'Fire and Fury' book cover image. Courtesy of Henry Holt & Co.
FROM THIS EPISODE
What does author Michael Wolff make of the president’s reaction to his book “Fire and Fury?” He says “it’s nutso.” We talk to him about his time inside the White House, and what Steve Bannon might say to Robert Mueller’s investigators.
Michael Wolff by David Bailey.
Michael Wolff, author, “Fire and Fury: Inside the Trump White House”
Whatever happened to the “do not call” list? It still exists, but robocallers and scammers can easily get around it. We find out why, and whether you should ever answer your phone again.
In December, the value of one bitcoin skyrocketed to $19,000. But in the past 24 hours, that value dropped to $9,700. It’s been called a cryptocurrency bloodbath. Is this the bursting of the bitcoin bubble? Or just another fluctuation in a currency no one really understands.
Google has a fun app that pairs your face with a work of art. To use it, you upload your photo. But are you unwittingly sharing private information? Is Google building a massive database of selfies and what could it do with that information?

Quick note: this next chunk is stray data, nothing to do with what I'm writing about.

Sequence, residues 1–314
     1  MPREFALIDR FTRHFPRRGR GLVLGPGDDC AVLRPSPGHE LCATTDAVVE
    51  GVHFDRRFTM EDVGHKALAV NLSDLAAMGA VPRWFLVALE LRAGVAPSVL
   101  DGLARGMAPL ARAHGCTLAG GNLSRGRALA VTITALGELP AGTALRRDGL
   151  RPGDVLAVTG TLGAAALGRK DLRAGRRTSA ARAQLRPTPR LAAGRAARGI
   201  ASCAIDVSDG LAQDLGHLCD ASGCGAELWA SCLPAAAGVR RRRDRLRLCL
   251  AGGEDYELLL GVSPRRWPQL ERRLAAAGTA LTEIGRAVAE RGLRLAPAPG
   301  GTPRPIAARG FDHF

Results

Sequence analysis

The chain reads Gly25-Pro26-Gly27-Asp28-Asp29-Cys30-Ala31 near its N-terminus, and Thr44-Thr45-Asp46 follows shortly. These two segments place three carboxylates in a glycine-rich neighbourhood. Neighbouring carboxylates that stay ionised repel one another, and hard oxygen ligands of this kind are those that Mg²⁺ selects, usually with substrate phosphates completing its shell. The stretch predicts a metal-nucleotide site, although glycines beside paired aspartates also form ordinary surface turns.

More From Press Play with Madeleine Brand
Why black boys from rich families have a 50-50 chance of falling into poverty New research shows that black boys raised in U.S. -- even in the richest neighborhoods -- still earn less money when they grow up than white boys of similar backgrounds. But that’s not the case for women. Black and white women usually track together, while black men rarely make it to the same levels as white men.
California case: free speech v. abortion rights Crisis pregnancy centers are generally run by pro-life groups that aim to convince pregnant women not to get abortions. A California law requires that employees tell their clients that the state offers free and low-cost abortions and other family planning services. Now a group of these centers is arguing that the law violates their freedom of speech.
Does copyright law cover graffiti? Clothing company H&M did a fashion shoot in Brooklyn featuring models standing against a gray wall painted with black waving lines. The graffiti was the work of an LA-based street artist, who wanted compensation. H&M responded by filing a lawsuit against him, then dropped it a few days later.
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